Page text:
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Judges Rule: Gould Students Poised and Prepared

Thursday, April 5, 2018

Moot court finalists shine in annual competition

By Erin Bailey

Professor Rebecca Lonergan and Dean Andrew Guzman flank the Honorable Stephen Higginson, the Honorable Carlos Moreno and the Honorable Stephen Taylor.

Every year the Hale Moot Court Honors Program Final proves to be one of USC Gould’s most exciting events with bright and ambitious students competing in front of an elite panel of judges. This year’s competition was no exception. 

Professor Rebecca Lonergan, the faculty adviser for the Moot Court program said, “Every year, I am amazed at how well our students perform.  They know the facts.  They know the law.  And they are so poised and persuasive under pressure.  This year’s finalists were some of the best I’ve seen—better than most experienced practitioners.  They have incredibly bright futures ahead of them as lawyers.” 

The finals are the culmination of more than a year’s worth of hard work.  At the end of their first-year legal writing classes, every JD student must write an appellate brief and present an oral argument. If a student wants to apply to be a part of the moot court program, he or she must then present the same oral argument before a panel of the last year’s moot court participants. Based on how well they did on both their appellate briefs and their oral arguments, 40 students are chosen to participate in the Hale Moot Court Honors Program as second years. During the fall of their second year, all the moot court participants receive a competition case, which raises two complex legal issues. They attend a series of seminars discussing those legal issues and advanced writing techniques. Then, they must independently research their issues and write a 25-page persuasive, appellate brief. 
 
During the spring semester, they begin presenting their oral arguments before panels of experienced practitioners, faculty, and judges. Sixteen are chosen to advance to the quarterfinals.  Then, eight of the 16 are chosen to advance to the semifinals, and eventually, four are chosen for the Final Round. This year’s finalists—Alexandra Jackson, Steven Eheart, Alexandra Highsmith, and Alyssa Moscrop—competed on March 9 in USC's Norris Theater.
 
Dean Andrew Guzman opened the event with a warm welcome and an expression of gratitude for this year’s judges: The Hon. Stephen A. Higginson, Judge of the United States Court of Appeals for the Fifth Circuit, The Hon.Carlos R. Moreno, Justice (Ret.) of the Supreme Court of California and The Hon. Stephen W. Taylor, Chief Justice (Ret.) of the Supreme Court of Oklahoma.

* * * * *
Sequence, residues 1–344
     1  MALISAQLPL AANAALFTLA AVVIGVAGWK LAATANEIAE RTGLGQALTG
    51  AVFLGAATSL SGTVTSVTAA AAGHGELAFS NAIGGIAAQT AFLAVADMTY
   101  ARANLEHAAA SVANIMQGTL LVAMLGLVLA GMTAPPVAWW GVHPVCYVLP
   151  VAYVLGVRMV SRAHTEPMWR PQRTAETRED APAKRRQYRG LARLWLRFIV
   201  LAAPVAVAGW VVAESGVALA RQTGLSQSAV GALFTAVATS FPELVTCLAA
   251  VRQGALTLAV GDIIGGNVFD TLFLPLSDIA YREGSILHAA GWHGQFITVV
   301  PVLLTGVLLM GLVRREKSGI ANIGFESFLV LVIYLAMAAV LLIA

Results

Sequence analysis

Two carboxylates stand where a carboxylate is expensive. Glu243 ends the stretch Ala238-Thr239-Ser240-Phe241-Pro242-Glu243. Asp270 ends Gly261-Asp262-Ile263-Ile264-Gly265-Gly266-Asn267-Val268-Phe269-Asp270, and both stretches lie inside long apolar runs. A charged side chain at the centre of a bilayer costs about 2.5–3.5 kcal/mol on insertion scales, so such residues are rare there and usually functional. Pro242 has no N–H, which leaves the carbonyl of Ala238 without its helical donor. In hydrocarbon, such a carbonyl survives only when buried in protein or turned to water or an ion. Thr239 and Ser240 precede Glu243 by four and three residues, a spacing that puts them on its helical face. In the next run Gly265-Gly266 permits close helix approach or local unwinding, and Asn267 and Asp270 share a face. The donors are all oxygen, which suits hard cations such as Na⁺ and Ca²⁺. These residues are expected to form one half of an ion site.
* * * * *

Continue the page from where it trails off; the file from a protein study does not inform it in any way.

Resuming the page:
The finalists presenting their oral arguments to the panel of judges. 
Guzman explained how the Hale Moot Court Final Round is an event the law school anticipates all year. “Each spring, I have this tremendous feeling of pride seeing the quality of the work that is being done following the advocacy that we see. Congratulations to all the student participants and congratulations to the Executive Board who put it all together,” said Guzman. “I have no doubt that for each of you, there was a lot learned, and I hope that you enjoyed it. It is one of those experiences at law school that people carry with them for a long time.”
 
After the court was called to order, the four finalists began presenting their oral arguments. The judges did not go easy on them and interjected with tough questions, challenging their positions and arguments. However, the students did not falter and responded to the judges’ critiques with confident and thoughtful responses.
 
After a long deliberation, the judges announced that Alyssa Moscrop had come out victorious in first-place, with Alexandra Jackson the runner-up. Yet, the judges were clear that it had been very difficult for them to select a winner, as all of the arguments were very impressive.
 
 “What an honor to have presided over the argument this afternoon. It was not an easy case, but all of you did a commendable job representing your clients. You were poised and well-prepared. I foresee a very prominent and successful future for each and every one of you. You knew the case, knew the record, were very responsive to our questions and showed able thinking on your feet,” said Judge Moreno. 
Moot Court champion Alyssa Mocrop and runner-up Alexandra Jackson pose with the judges.
 
Judge Taylor had wise advice for the students: “You all have great futures ahead of you, but always keep in mind to learn to love justice more than you love victory.” 
 
After it was all over, Alyssa Moscrop felt that the experience was incredibly validating. “I have no doubt it will give me confidence as I pursue a career in litigation and seek to advocate strongly on behalf of future clients,” Moscrop said. 
 
Find out more about the Hale Moot Honors Program.

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